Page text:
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Germany Is it against Bavarian law to alter beer recipes for export?

Discussion in 'Europe' started by glorth2, Feb 12, 2013.

  1. glorth2

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    Gruβ Gott. I'm having a discussion with a fellow yank and we are discussing the whole "is German beer sold in the US the same as German beer in Germany". I seem to remember reading some time ago that it was against Bavarian law to change a beer recipe in order to export it. Ie. the Salvator sold in
    München would be the same as Salvator sold in Philadelphia. Does anyone know for sure? Thanks.
     
  2. einhorn

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    I have never read or heard this before. The difference may be in pasteurizing, which can alter the flavor, but otherwise I see no need, or know of any law which prohibits altering a recipe.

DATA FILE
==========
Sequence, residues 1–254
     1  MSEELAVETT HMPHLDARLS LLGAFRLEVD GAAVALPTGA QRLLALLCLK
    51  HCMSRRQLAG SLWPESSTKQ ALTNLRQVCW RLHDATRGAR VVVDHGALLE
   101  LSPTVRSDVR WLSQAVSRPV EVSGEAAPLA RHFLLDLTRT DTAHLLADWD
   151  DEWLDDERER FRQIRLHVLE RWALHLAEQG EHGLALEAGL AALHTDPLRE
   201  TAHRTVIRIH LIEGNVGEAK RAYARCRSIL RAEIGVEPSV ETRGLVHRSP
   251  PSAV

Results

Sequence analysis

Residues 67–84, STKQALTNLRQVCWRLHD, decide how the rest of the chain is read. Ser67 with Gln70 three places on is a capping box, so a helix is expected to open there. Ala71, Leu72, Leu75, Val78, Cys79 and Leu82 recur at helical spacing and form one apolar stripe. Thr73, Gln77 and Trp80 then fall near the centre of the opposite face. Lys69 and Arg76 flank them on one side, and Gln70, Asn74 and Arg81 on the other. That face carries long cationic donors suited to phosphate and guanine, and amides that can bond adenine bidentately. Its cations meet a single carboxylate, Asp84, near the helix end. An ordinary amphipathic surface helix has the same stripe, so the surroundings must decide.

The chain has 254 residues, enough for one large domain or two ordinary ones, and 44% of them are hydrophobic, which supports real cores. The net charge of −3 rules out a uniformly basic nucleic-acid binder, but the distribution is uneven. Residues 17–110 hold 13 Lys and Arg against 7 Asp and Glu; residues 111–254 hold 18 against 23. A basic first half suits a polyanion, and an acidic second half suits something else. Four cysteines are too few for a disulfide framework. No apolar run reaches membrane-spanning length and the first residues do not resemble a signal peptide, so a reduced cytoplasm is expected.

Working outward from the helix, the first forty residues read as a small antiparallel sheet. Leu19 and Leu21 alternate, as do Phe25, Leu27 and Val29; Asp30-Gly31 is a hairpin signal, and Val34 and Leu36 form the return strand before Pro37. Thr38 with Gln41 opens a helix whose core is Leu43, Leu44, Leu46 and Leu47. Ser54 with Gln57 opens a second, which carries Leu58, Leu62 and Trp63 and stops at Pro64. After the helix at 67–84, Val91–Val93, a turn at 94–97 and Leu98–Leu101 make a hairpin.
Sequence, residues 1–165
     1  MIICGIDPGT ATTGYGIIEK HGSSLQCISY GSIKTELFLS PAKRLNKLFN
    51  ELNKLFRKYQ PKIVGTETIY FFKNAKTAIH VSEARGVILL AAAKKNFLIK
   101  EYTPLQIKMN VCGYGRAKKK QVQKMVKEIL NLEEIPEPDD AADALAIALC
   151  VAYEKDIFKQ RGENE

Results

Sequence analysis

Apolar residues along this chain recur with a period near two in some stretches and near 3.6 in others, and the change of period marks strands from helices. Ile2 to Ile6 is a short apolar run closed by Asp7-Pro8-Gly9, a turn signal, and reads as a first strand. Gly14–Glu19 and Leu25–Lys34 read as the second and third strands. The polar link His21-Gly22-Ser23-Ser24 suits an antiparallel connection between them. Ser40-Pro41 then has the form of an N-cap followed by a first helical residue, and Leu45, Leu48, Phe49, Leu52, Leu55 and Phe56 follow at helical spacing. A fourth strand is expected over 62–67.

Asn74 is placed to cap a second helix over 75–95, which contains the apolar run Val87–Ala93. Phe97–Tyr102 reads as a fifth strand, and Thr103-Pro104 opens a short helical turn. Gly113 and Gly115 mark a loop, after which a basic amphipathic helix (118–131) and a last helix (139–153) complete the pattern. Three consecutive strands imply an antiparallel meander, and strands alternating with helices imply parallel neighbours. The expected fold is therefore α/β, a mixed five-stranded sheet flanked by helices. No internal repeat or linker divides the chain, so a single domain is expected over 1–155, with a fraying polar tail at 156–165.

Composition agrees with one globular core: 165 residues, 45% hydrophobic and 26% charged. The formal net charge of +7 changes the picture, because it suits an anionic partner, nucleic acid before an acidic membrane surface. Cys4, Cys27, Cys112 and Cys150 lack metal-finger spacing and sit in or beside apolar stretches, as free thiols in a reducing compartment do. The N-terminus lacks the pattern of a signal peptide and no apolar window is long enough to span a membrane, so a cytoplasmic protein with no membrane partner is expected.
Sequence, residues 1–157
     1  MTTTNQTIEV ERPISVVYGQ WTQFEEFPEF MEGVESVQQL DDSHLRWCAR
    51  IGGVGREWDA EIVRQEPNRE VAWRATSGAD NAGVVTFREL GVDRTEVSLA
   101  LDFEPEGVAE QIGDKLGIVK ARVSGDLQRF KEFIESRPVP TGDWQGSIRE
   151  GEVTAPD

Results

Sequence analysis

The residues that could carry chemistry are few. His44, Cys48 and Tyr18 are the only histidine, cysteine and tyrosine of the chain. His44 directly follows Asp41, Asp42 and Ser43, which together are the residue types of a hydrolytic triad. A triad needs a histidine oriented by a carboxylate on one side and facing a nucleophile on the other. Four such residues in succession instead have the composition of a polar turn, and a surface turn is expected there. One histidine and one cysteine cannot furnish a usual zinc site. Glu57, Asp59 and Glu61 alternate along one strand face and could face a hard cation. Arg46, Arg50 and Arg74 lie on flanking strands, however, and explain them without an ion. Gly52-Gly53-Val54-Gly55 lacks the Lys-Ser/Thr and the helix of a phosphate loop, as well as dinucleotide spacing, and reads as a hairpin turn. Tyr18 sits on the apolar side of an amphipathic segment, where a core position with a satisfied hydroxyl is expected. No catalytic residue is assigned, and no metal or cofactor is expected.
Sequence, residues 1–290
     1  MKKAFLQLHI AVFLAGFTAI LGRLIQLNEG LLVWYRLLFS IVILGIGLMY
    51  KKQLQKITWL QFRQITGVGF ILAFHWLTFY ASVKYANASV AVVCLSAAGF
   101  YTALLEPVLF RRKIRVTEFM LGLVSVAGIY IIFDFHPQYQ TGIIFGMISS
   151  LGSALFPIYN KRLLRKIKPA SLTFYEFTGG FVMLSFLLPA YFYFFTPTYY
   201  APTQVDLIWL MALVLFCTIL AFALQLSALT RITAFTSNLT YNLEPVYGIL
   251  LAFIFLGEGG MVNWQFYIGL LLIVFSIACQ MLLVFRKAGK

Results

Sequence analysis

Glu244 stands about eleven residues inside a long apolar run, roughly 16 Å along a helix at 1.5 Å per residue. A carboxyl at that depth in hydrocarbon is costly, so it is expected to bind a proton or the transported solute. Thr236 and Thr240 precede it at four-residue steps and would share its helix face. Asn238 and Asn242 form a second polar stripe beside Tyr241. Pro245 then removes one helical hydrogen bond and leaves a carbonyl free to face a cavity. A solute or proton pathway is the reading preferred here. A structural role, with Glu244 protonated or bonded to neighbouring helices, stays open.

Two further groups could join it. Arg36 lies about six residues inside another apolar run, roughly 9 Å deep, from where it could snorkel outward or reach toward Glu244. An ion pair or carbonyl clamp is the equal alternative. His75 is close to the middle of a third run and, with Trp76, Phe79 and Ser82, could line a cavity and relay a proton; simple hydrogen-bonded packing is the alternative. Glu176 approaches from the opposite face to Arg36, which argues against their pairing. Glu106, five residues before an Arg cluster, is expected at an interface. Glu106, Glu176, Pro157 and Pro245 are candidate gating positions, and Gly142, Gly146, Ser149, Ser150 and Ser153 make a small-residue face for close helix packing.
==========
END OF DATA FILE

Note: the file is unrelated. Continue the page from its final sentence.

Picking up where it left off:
3. fineout

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    The Rheinheitsgebot doesn't actually apply to anything anymore, meaning its not against the law to brew anything that isnt going to kill you. the brewers are just stubborn and many consumers like reading "brewed according to Rheinheitsgebot".
     
  4. Domingo

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    Not sure if they would consider it to be the same recipe, but certain German Beers that are sent over to the US are different than native versions. Kloster Ettal's Curator is the first one that came to mind.
    I might be imagining things, but I think even some mainstream exports from brewers like Paulaner and the like are tweaked for export. The fact that many are pasteurized could potentially necessitate minor changes.
     
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